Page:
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MBABANE – Businesses and consumers are expected to endure more hikes this year, especially a water tariff increase.

Eswatini Water Services Corporation (EWSC) had initially proposed a three-year tariff increase with the 2021/22 proposal being at 3.8 per cent. For the 2022/23 financial year the corporation had proposed a tariff increase of nine per cent with an additional hike of 10.2 per cent for the 2023/24 financial year. The above mentioned proposal was not successful after the ministry of natural resources and energy’s Parliament Portfolio Committee turned down the request by the Eswatini Water Services Corporation (EWSC) to have a tariff increase of nine and 10.2 per cent between this year and 2024.


Instead of applying the staggered approach to increment which resulted in what appeared to be unreasonably higher rates in other periods, a flat rate was recommended by members of the committee. The recommended revised tariff proposal incorporating a recommended flat rate of 6.6 per cent was to be staggered in three years starting from this year to 2024. This means the increase can be implemented as early as April 2022. The Water Tariff Increase Regulations Increase Regulations were initially tabled in the House of Assembly on May 25 last year.

The regulations were on the same day called for debate and were accordingly referred to the portfolio committee. EWSC presented the proposed multi-year tariff increments to the portfolio committee for 2022 to 2024. The scope of the presentation covered mainly the reason for requesting the increments which in summary which in summary was to adjust the tariff to a level that covers operating expenditure and working capital.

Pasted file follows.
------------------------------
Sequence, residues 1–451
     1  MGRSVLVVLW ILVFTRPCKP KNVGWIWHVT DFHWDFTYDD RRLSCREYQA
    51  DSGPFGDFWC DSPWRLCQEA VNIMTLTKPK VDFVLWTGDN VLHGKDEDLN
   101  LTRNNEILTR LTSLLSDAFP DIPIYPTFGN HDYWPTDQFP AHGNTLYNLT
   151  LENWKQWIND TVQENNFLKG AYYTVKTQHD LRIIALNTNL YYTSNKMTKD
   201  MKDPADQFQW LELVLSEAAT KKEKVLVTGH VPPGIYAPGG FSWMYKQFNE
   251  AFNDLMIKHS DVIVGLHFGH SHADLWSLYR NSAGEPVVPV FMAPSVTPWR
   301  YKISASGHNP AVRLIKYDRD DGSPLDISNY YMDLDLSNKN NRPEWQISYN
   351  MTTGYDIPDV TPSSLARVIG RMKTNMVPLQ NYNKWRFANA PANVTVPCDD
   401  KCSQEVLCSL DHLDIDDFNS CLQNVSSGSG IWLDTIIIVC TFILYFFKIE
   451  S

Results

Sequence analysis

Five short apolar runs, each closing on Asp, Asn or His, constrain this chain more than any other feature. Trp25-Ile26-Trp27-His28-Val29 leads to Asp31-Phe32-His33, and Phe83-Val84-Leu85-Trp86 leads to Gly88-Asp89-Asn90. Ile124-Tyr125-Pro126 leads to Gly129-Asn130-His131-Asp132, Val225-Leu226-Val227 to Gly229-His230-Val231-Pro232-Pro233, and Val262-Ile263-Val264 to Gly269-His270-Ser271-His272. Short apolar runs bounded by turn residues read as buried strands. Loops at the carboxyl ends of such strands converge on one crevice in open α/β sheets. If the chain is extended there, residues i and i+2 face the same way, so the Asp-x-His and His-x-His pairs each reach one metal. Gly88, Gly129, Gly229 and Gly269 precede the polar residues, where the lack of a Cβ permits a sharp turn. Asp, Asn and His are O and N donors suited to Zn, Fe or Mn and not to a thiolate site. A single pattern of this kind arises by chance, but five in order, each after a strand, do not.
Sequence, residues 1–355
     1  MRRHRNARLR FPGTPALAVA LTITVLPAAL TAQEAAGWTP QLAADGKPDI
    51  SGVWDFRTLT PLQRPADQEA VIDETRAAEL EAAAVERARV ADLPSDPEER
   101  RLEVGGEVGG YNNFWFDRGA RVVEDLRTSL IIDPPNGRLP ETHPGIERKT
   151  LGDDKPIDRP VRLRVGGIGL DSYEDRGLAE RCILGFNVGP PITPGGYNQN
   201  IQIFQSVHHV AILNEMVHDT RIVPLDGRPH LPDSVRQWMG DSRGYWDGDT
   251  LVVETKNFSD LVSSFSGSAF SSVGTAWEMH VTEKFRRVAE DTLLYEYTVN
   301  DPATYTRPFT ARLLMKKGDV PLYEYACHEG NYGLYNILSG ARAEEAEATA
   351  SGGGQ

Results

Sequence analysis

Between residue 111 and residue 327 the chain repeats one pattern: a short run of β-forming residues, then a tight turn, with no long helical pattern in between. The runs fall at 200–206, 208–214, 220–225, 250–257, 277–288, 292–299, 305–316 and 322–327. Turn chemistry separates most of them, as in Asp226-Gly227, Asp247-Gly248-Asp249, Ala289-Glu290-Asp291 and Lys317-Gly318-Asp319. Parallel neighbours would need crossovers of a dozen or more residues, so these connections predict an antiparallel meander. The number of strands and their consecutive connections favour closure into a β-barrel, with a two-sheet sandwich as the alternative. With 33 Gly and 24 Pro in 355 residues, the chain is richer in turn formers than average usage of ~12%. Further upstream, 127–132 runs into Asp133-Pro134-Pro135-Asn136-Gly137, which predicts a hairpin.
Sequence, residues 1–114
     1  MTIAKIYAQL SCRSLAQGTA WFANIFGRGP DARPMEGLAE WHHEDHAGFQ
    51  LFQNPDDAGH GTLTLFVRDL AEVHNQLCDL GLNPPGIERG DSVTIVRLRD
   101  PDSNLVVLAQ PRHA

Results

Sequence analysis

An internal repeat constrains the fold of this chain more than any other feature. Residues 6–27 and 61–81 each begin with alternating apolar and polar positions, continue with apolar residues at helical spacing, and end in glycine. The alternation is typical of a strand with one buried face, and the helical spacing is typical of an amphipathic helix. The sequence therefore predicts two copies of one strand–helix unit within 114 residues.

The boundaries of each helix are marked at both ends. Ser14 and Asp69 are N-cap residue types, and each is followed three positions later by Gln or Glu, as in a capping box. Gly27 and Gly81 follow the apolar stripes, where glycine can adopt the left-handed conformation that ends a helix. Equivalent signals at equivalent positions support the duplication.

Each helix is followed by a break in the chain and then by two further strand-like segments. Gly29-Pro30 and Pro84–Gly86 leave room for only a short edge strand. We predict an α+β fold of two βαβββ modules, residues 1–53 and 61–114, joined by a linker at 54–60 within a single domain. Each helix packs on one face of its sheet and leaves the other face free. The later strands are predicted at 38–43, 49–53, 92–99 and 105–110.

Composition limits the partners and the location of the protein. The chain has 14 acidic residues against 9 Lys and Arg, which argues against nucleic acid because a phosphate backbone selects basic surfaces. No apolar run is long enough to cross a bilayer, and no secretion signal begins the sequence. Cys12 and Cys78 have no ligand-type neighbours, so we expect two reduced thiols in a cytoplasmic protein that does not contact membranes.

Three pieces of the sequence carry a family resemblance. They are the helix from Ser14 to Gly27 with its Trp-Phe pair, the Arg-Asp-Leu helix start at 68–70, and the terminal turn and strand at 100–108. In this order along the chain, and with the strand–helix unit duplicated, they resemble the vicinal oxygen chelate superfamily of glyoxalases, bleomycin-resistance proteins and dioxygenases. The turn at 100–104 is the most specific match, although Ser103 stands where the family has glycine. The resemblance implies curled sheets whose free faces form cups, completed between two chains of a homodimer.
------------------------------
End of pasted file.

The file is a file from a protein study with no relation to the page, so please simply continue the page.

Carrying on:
The proposed tariff increments also took into consideration operating expenses for projects which are due to be completed in the tariff period. The committee whose Chairman is Ngundzeni  Member of Parliament Bigboy Mamba noted the presentation by the corporation with concerns. The major concern was on the staggered tariff that though the initial rate increment as lower at 3.8 per cent (2021), the jump to nine and 10.2 per cent appeared to be unreasonably higher and might not be appropriate in the current economic and political climate.

The members of the committee felt that even though it was appreciated that the tariff needed to increase to cater for operational expenses, including projects, such increments were sensitive in nature given the prevailing political climate. The last concern raised was the delayed implementation of the 2021/22 annual increment. It was due for implementation in April last year. Meanwhile, EWSC at the time had already lost operating revenue amounting to E3 million and any further delays to the tariff implementation would be detrimental to the corporation.


Once approved, the operating revenue for the corporation was projected to increase from E414 million in 2021 to E453 million this year. It could further increase to E502 million in 2023. The operating expenditure was projected at E393 million last year. It is estimated at E441 million this year. In the tariff period, key areas and projects for expansion of supply include the Eswatini Water Supply and Sanitation Access Project in the Shiselweni Region. Nomahlubi Matiwane, who is Public Affairs and Customer Experience Manager at EWSC had not responded to a message on the proposed tariff by around 1pm yesterday.

In a recent interview, she had said tariff reviews and adjustments were necessary as EWSC operated in a high cost environment. “The Corporation uses an increasing block tariff structure, where cost recovery is only achievable at the highest block,”  she had said.

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